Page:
Gently stir intermediate or premixed insulin: Turn the pen on its side and roll it between the palms of your hands. Clear (fast-acting, long-acting) insulin generally does not need to be mixed.

Attach a fresh pen needle: Screw or click the needle securely in place according to the manufacturer’s instructions. Remove the cap(s) from the pen needle to expose the needle.

Prime the pen: Pointing the needle up in the air, dial one or two units on the pen and press the plunger fully with your thumb. Repeat until a drop appears.

Dial your dose: Turn the dial on the pen to your prescribed dose.

DELIVERING AN INJECTION:

Select a site: Choose a spot on your skin that you can see and reach. It is important to not “overuse” any particular area of skin. See the information below on “rotating” injection sites.

Make sure skin is clean: It is generally not necessary to wipe the skin with alcohol before injecting. Those at a high risk of infection should discuss sitepreparation procedures with their healthcare team.

Pinch the skin: For those with limited body fat, it may be necessary to pinch a one-to to two-inch portion of skin and fat between your thumb and first finger.

Push the needle into the skin: With your other hand, hold the syringe or pen like a pencil at a 90-degree angle to the skin and insert the needle with one quick motion. Make sure the needle is all the way in. 

Inject the insulin: Let go of the skin pinch before you inject the insulin. Push the plunger with your thumb at a moderate, steady pace until the insulin is fully injected. If using a syringe, keep the needle in the skin for 5 seconds. If using a pen, keep the needle in the skin for 10 seconds.

Pull out the needle: Remove at the same 90-degree angle at which you inserted the needle. Press your injection site with your finger for 5-10 seconds to keep insulin from leaking out.

Remove the needle: If using a pen, remove the needle from the pen by replacing the large cover and unscrewing. Leaving the needle on the pen can result in leakage or air bubbles.

Dispose of your used needle: It is important to protect yourself, your loved ones, sanitation workers and pets from accidental needle sticks. Do not recap syringes before throwing them away. Place used syringes and pen needles in a thick plastic container (sharps container, detergent bottle, etc.). When nearly full, close the container tightly with a screw-on cap and tape closed. Dispose according to standards set forth by your local department of sanitation.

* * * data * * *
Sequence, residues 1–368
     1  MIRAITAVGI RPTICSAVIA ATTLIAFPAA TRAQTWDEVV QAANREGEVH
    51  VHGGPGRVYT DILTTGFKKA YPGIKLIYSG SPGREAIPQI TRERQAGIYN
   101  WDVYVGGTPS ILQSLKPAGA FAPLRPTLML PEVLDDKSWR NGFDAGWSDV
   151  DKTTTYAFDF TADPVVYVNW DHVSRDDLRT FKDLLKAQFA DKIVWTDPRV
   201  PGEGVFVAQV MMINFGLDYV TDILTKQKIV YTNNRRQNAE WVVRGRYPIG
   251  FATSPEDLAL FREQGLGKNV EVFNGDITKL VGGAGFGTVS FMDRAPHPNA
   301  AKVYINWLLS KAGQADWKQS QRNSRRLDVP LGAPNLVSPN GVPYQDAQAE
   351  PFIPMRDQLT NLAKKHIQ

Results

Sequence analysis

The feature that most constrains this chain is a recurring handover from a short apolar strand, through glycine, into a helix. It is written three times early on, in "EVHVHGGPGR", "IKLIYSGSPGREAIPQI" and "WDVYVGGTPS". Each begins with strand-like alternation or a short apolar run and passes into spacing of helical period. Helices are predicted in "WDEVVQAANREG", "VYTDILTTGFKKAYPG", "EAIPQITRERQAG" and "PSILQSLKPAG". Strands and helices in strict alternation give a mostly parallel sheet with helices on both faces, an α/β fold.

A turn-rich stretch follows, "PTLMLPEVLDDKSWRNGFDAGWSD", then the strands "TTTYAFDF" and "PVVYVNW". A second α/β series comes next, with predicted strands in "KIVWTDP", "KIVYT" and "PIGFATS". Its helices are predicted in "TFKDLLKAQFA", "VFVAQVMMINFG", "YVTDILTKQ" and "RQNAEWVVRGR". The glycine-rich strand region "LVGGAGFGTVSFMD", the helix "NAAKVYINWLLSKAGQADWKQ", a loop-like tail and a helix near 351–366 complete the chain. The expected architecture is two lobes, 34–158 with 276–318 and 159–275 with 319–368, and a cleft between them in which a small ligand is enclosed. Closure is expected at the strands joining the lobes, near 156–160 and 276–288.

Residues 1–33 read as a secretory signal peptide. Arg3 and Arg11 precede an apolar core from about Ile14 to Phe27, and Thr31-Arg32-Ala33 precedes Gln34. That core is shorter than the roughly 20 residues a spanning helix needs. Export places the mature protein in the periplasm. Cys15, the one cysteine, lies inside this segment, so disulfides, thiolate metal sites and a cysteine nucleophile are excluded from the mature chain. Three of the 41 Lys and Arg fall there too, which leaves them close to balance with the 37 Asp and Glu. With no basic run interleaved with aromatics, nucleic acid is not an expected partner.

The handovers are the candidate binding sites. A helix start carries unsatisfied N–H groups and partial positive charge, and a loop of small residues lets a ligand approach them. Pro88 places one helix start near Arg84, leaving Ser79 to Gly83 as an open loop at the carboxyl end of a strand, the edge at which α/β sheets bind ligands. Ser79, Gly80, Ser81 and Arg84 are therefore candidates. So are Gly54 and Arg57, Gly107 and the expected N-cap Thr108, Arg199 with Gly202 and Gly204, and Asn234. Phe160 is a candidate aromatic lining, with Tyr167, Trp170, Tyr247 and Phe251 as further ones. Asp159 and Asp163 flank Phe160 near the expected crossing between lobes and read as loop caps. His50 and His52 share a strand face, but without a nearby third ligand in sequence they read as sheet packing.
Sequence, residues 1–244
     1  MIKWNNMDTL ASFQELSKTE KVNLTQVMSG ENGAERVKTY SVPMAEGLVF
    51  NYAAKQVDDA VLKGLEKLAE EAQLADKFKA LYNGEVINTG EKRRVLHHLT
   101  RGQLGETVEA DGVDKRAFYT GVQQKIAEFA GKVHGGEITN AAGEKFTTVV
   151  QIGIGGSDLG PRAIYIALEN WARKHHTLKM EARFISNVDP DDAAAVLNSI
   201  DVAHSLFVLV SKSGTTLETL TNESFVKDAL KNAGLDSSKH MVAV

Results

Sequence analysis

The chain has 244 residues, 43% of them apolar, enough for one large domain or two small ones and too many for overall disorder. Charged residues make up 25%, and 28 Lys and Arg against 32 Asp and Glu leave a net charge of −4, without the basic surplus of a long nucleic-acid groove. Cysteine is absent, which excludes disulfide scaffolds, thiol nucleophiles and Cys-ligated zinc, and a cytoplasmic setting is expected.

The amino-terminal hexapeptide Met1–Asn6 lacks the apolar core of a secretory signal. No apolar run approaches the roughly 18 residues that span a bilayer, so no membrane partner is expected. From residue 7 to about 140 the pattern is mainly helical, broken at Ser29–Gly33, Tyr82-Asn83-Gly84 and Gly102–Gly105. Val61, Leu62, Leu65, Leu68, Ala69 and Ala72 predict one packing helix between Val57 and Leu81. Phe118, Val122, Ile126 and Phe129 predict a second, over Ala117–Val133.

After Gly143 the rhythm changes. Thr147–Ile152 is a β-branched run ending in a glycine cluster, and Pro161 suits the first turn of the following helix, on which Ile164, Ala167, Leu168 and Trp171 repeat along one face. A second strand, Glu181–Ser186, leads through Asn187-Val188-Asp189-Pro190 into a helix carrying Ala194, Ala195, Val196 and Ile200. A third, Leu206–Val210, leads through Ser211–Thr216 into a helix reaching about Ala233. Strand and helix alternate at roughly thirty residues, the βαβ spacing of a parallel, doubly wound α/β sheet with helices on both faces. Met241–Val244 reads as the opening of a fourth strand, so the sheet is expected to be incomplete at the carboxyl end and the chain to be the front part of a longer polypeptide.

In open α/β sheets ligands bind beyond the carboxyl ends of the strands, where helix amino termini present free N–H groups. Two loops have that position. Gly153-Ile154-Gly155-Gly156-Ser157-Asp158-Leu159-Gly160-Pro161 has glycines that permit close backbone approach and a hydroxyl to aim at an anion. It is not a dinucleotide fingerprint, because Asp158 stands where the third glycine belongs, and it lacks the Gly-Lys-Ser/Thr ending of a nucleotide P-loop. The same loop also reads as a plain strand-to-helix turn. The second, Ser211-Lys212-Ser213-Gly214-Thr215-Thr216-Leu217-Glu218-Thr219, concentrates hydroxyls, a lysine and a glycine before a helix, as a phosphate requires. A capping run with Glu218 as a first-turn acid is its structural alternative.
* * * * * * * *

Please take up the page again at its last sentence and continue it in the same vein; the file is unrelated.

ROTATING (CHANGING) INJECTION SITES:

Insulin is injected into the fat layer below the skin on the abdomen (staying two fingers or a few inches away from the belly button), outer thighs, hips, buttocks, or backs of the arms. Although insulin injections are usually painless, injecting the same spot repeatedly can cause inflammation or fat tissue breakdown.

Lipodystrophy, as this is called, can cause lumps/swelling and thickened skin, and it may keep insulin from absorbing properly. Nearly half of all people who take insulin develop lipodystrophy, particularly when injection sites are not changed often.

Most forms of rapid and long-acting insulin absorb consistently from just about any body part, so feel free to use a variety of body parts for your injections, and use a variety of spots within each body part. Intermediate-acting (cloudy) insulin and premixed insulin absorbs differently in different body parts. It is best to inject intermediate-acting insulin into one part of the body consistently, but use a variety of spots within that body part.

NEEDLE RE-USE

Use of a new, fresh syringe or pen needle for each injection is the best way to minimize discomfort and ensure the accuracy/effectiveness of the insulin dose. Using someone else’s needle puts you at danger of contracting Hepatitis and HIV.


DISCLAIMERS:

This site and its services do not constitute the practice of medical advice, diagnosis or treatment. Always talk to your diabetes care and education specialist or healthcare provider for diagnosis and treatment, including your specific medical needs. If you have or suspect that you have a medical problem or condition, please contact a qualified health care professional immediately. To find a diabetes care and education specialist near you, visit diabeteseducator.org/Find.

ADCES and danatech curate product specifics and periodically review them for accuracy and relevance. As a result, the information may or may not be the most recent. We recommend visiting the manufacturer's website for the latest details if you have any questions.